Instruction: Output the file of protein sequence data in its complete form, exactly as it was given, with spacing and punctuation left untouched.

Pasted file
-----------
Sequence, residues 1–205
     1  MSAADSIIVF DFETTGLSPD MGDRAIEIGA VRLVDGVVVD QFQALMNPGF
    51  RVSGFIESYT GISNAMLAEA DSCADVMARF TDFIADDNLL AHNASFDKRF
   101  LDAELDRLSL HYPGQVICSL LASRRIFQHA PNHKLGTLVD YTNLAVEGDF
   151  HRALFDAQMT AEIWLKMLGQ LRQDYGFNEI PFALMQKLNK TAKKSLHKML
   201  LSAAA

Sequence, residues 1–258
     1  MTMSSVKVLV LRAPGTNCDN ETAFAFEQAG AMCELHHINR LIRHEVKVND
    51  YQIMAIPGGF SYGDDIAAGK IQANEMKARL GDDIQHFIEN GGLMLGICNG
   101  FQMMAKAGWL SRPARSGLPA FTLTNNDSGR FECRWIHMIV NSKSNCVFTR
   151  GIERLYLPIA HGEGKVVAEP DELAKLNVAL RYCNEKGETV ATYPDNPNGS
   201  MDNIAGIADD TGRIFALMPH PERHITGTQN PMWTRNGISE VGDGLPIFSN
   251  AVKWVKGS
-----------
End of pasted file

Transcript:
Sequence, residues 1–205
     1  MSAADSIIVF DFETTGLSPD MGDRAIEIGA VRLVDGVVVD QFQALMNPGF
    51  RVSGFIESYT GISNAMLAEA DSCADVMARF TDFIADDNLL AHNASFDKRF
   101  LDAELDRLSL HYPGQVICSL LASRRIFQHA PNHKLGTLVD YTNLAVEGDF
   151  HRALFDAQMT AEIWLKMLGQ LRQDYGFNEI PFALMQKLNK TAKKSLHKML
   201  LSAAA

Sequence, residues 1–258
     1  MTMSSVKVLV LRAPGTNCDN ETAFAFEQAG AMCELHHINR LIRHEVKVND
    51  YQIMAIPGGF SYGDDIAAGK IQANEMKARL GDDIQHFIEN GGLMLGICNG
   101  FQMMAKAGWL SRPARSGLPA FTLTNNDSGR FECRWIHMIV NSKSNCVFTR
   151  GIERLYLPIA HGEGKVVAEP DELAKLNVAL RYCNEKGETV ATYPDNPNGS
   201  MDNIAGIADD TGRIFALMPH PERHITGTQN PMWTRNGISE VGDGLPIFSN
   251  AVKWVKGS